1965 Immigration Law co-sponsor Eugene McCarthy’s awakening to the threat of immigration

Recently I was going through some books when I came across my autographed copy of the late Senator Eugene McCarthy’s 1992 book “A Colony of the World: The United States Today.” McCarthy is best remembered for his 1968 Democratic primary challenge to President Johnson that caused Johnson to abandon his campaign for re-election. McCarthy later ran for President as an independent in 1976, and I worked as a volunteer at his Washington headquarters.

Digital image of original artifact

“A Colony of the World” argues that America, despite its economic and military prowess, was reduced to a de facto colonial position due to self-inflicted policies of policing the world, acting as lender of last resort, and allowing its borders to become “a mockery for all to cross.” About a third of the book dealt directly with immigration, both legal and illegal.

McCarthy defends his support for the 1965 immigration act by saying that its consequences were unexpected. It is true that the bill passed both houses of Congress with overwhelming bi-partisan support, the only real opposition coming from “Dixiecrats.” McCarthy’s explanation is interesting and informative, although it certainly does not absolve him and the rest of Congress of responsibility for the massive immigration problems that we face now, half a century later.

McCarthy places the context of the 1965 immigration act squarely in the radical social transformation that was boiling over in the 1960s:

The Immigration Act of 1965 was passed the same year this country instituted sweeping civil rights reforms. One hundred years after the Civil War, the country had finally evolved to the point where de jure discrimination against black citizens could no longer be tolerated. Amidst this climate of change and self-criticism for long-standing injustices, Congress also turned its attention to a policy that discriminated against people outside the United States. Prior to 1965, our immigration policies overtly favored immigrants from northern and western Europe and excluded, either in statute or practice, most other nationalities. Changing these discriminatory immigration policies had been a priority of President Kennedy, and like many other aspects of Lyndon Johnson’s Great Society, the Immigration Act of 1965 became sort of a legislative tribute to our slain leader. Given the political tenor of the times, the debate focused more on the evils of the old system than on the virtues of the new. The new measure sought to destroy the objectionable features of the old law.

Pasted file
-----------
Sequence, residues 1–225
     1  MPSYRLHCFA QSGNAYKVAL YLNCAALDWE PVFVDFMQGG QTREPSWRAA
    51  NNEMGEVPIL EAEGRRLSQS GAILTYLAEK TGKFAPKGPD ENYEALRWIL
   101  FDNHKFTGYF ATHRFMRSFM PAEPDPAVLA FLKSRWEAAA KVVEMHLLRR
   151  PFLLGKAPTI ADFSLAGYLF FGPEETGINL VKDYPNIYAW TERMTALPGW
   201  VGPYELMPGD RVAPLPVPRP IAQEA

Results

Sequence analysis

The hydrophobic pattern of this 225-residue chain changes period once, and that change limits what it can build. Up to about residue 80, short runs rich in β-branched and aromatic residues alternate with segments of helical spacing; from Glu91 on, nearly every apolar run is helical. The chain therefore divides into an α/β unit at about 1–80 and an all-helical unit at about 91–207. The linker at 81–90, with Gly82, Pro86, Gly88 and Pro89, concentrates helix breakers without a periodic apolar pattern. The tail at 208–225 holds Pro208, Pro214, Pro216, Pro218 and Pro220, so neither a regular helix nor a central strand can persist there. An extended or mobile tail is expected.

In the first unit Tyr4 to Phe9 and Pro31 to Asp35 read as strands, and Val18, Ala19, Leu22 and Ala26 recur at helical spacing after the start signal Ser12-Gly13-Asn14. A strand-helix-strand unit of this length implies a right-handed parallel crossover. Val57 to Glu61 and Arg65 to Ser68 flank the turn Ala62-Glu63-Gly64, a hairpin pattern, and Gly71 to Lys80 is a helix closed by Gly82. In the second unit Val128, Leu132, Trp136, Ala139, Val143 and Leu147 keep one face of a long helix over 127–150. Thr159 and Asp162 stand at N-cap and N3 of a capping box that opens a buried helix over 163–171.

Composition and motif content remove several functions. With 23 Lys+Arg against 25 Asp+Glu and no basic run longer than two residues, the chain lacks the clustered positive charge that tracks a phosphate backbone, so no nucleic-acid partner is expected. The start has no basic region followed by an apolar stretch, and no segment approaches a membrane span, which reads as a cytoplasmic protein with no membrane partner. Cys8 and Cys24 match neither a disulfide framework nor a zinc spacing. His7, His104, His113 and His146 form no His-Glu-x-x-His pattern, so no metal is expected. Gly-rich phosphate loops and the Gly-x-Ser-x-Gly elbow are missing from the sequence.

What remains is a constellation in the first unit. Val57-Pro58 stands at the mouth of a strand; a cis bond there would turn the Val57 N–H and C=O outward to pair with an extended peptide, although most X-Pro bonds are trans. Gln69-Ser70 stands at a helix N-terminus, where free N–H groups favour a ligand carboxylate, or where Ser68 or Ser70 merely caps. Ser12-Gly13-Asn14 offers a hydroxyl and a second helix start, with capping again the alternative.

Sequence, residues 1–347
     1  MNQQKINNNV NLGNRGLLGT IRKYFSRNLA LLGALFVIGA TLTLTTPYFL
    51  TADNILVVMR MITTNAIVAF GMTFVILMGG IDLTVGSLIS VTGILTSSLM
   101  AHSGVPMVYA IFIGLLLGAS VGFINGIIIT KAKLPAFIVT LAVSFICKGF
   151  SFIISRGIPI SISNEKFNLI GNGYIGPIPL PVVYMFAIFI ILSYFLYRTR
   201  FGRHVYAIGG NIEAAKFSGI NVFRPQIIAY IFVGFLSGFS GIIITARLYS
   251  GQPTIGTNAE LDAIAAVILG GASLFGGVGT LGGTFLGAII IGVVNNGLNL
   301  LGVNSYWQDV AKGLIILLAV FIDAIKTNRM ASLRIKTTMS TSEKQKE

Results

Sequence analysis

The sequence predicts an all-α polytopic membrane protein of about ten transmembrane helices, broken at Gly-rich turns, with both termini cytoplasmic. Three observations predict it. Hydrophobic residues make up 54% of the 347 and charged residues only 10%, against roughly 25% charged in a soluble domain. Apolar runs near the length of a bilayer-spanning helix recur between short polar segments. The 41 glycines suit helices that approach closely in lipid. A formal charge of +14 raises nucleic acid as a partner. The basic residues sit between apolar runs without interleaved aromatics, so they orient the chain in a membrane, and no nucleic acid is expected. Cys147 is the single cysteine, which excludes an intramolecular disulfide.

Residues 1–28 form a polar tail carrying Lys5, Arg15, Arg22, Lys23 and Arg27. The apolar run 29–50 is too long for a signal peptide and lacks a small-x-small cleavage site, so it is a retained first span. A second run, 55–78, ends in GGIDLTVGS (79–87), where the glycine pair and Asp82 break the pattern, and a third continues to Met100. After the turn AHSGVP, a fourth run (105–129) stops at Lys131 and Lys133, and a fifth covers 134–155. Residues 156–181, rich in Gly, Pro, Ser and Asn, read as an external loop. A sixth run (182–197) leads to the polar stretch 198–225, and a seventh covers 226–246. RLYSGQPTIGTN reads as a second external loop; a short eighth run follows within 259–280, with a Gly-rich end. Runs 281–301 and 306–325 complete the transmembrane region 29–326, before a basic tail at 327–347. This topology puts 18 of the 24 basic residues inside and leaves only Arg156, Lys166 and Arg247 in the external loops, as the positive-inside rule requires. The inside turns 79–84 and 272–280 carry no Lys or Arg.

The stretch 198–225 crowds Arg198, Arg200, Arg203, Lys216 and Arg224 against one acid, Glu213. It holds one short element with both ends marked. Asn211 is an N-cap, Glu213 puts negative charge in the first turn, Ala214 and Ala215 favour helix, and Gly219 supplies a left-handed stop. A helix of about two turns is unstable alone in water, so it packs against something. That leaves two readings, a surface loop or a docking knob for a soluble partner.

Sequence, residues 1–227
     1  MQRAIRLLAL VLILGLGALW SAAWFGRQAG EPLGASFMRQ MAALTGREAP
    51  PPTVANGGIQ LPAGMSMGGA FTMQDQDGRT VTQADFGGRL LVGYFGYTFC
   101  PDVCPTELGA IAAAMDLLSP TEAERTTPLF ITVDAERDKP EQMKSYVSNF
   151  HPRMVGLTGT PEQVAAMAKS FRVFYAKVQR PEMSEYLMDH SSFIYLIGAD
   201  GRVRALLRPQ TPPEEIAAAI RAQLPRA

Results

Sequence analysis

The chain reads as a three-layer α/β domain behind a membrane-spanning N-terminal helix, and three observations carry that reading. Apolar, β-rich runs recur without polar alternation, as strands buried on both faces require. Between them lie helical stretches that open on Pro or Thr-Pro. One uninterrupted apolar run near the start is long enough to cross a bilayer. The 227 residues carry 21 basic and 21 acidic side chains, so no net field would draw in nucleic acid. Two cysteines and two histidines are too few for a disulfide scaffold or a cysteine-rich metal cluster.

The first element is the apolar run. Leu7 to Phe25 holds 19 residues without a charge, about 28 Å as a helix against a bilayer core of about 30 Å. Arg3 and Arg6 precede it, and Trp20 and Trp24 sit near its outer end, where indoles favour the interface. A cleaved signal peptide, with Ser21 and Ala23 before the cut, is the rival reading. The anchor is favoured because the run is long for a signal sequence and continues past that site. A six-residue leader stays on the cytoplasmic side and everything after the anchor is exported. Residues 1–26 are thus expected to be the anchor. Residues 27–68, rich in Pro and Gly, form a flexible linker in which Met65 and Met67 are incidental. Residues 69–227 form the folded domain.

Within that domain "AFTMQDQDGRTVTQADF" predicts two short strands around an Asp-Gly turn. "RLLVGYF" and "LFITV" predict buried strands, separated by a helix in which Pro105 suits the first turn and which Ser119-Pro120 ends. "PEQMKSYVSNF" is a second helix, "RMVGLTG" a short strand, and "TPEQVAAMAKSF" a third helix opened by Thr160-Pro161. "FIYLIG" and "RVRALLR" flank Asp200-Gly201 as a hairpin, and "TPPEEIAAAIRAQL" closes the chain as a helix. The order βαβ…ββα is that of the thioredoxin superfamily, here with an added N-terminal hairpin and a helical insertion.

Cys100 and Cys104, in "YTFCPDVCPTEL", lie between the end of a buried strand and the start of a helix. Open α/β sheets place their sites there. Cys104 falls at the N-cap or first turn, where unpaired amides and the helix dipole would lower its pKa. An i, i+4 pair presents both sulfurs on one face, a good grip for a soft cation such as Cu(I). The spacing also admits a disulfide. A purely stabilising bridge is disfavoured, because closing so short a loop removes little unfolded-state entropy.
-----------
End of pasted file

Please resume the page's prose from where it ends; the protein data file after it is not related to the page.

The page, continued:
It is interesting that McCarthy talked about a climate of “self-criticism” and the evils and objectionable features of the old system. Professor Kevin MacDonald in The Culture of Critique wrote that Jewish intellectual movements of the twentieth century recruited non-Jews like McCarthy to participate in the criticism of prevailing societal norms in pursuit of social changes that had a veneer of morality but were actually motivated by Jewish ethnic interests. MacDonald calls the 1965 immigration act a turning point in the Jewish domination of American society.